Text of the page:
AI improves cancer patient experience

AI improves cancer patient experience

Chris Cashwell, CEO and Founder of Azra AI

For cancer patients and their loved ones, days, weeks and months matter. In fact, anyone who has eagerly awaited test results or the start of treatment can attest that hours, if not minutes, will drag on with emotional heaviness. Also from a clinical point of view, the time to treatment has a significant impact on the results. All suspected cancers should be ruled out or confirmed with a diagnosis so that treatment can begin as soon as possible. Likewise, patients with an incidental finding – masses or lesions detected by an imaging test performed for an unrelated reason – who require follow-ups should not fall through the cracks of the system.

Unfortunately, in a complex and overburdened healthcare environment, cancer patients often struggle to navigate the unknown, leading to unnecessary delays in care. These delays can lead to poorer outcomes, more complicated and expensive care, and reduced life expectancy. Patients today need insight, attention, follow-up, support, collaboration, guidance, communication and more, while the healthcare industry, like others, lacks of human labor. Despite the evolution of clinical solutions that successfully treat or manage many common forms of cancer, most navigation challenges that lead to poor outcomes cannot be solved by manually adding more workers or resources. Fortunately, artificial intelligence (AI) applications are disrupting persistent patterns of delays and flagging patients who need follow-up care and streamlining those recently diagnosed with cancer to follow the optimal treatment path immediately. .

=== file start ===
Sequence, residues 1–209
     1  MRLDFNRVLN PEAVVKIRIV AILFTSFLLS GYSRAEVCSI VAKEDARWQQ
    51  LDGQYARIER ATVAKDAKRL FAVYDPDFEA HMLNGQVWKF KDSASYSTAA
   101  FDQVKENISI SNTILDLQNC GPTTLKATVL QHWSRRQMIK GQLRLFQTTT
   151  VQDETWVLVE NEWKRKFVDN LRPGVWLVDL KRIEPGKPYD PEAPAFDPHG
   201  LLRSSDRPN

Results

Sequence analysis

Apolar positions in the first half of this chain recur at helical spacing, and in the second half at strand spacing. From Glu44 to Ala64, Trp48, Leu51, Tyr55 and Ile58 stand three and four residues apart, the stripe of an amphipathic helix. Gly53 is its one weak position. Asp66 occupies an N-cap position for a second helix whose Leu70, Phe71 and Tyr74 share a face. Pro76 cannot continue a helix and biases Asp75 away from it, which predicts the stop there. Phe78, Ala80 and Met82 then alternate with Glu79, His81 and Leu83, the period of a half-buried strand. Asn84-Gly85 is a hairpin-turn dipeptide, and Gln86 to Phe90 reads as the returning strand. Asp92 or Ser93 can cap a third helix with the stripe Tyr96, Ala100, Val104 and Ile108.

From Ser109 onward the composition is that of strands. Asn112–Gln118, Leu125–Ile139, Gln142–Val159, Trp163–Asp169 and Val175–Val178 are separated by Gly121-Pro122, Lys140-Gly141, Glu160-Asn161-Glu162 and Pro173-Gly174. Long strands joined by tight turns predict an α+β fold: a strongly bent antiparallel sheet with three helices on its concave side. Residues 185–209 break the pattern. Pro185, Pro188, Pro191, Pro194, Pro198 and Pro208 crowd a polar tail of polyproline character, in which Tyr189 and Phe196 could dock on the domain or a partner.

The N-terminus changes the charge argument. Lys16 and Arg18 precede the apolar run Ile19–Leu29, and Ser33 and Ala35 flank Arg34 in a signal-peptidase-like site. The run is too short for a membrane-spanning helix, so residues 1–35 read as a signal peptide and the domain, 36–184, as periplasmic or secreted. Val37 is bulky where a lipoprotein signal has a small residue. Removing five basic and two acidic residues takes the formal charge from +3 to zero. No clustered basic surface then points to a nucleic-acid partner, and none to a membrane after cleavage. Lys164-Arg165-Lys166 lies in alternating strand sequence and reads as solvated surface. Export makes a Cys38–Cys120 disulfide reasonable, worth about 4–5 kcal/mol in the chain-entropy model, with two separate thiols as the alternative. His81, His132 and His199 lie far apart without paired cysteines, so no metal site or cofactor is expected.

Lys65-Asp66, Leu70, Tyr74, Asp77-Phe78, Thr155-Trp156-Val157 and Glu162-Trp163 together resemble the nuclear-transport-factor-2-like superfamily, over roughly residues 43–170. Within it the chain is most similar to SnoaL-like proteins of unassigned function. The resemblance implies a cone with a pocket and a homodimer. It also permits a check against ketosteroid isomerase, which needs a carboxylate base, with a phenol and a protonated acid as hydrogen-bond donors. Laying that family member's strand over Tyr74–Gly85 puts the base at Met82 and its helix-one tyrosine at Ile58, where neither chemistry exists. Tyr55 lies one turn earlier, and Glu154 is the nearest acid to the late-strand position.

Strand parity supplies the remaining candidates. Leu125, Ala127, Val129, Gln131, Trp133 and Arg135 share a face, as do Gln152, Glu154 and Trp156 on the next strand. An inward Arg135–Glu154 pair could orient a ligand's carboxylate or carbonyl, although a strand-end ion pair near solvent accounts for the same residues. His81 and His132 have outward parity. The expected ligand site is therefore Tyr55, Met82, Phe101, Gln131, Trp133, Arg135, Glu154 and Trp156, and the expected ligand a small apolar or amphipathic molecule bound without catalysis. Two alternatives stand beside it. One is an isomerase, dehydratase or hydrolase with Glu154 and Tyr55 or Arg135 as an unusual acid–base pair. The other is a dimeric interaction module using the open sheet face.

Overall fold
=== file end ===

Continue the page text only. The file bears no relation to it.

Surface, resurface patients

Patients who undergo imaging and have a suspicious abnormality unrelated to their CT scan often require follow-up to track the lesion or mass over time. Unfortunately, only about 30% of these patients follow these recommendations in a timely manner. Some may not be informed of the results, while others are unclear about next steps. There is great uncertainty in the clinical field about who is responsible for tracking the progression of these results. Realistically, there is not enough human labor or even infrastructure to review and track every patient’s radiology report with an incidental finding in a central location.

With missed patient follow-ups, potential cancers have time to grow and get worse. In addition, disparities in health equity often exacerbate the impact of “forgotten” incidental findings. For people who are struggling with access to care, health literacy, family support, or financial hardship, following through on non-emergency health care recommendations can be challenging. AI applications can also identify these patients to ensure that the significance of the discovery has been correctly communicated. From there, a trusted clinician or navigator can guide the patient through the next important steps in care.

Similarly, patients experiencing the trauma of a cancer diagnosis may be overwhelmed with the shock of the news and then the sheer number of tasks to perform. AI helps by automatically reviewing structured data in patient records, identifying those most at risk for rapid disease progression, and can categorize cancer subsets to triage for faster and more timely onset of treatment. efficient.

Coordinate care

Fortunately, 9 out of 10 suspicious lesions turn out to be benign. Of course, clinicians must evaluate each of these potential cancers, carefully reviewing the pathology report and categorizing the cancer, if it is malignant. It takes the clinician 1.5 to 2 minutes to review each report. Over time, this accumulates into thousands of hours of work resources. For breast, lung and gastrointestinal cancer patients, nurse navigators historically spend the majority of their hours or 65% of their time mining data to identify new patients for navigation.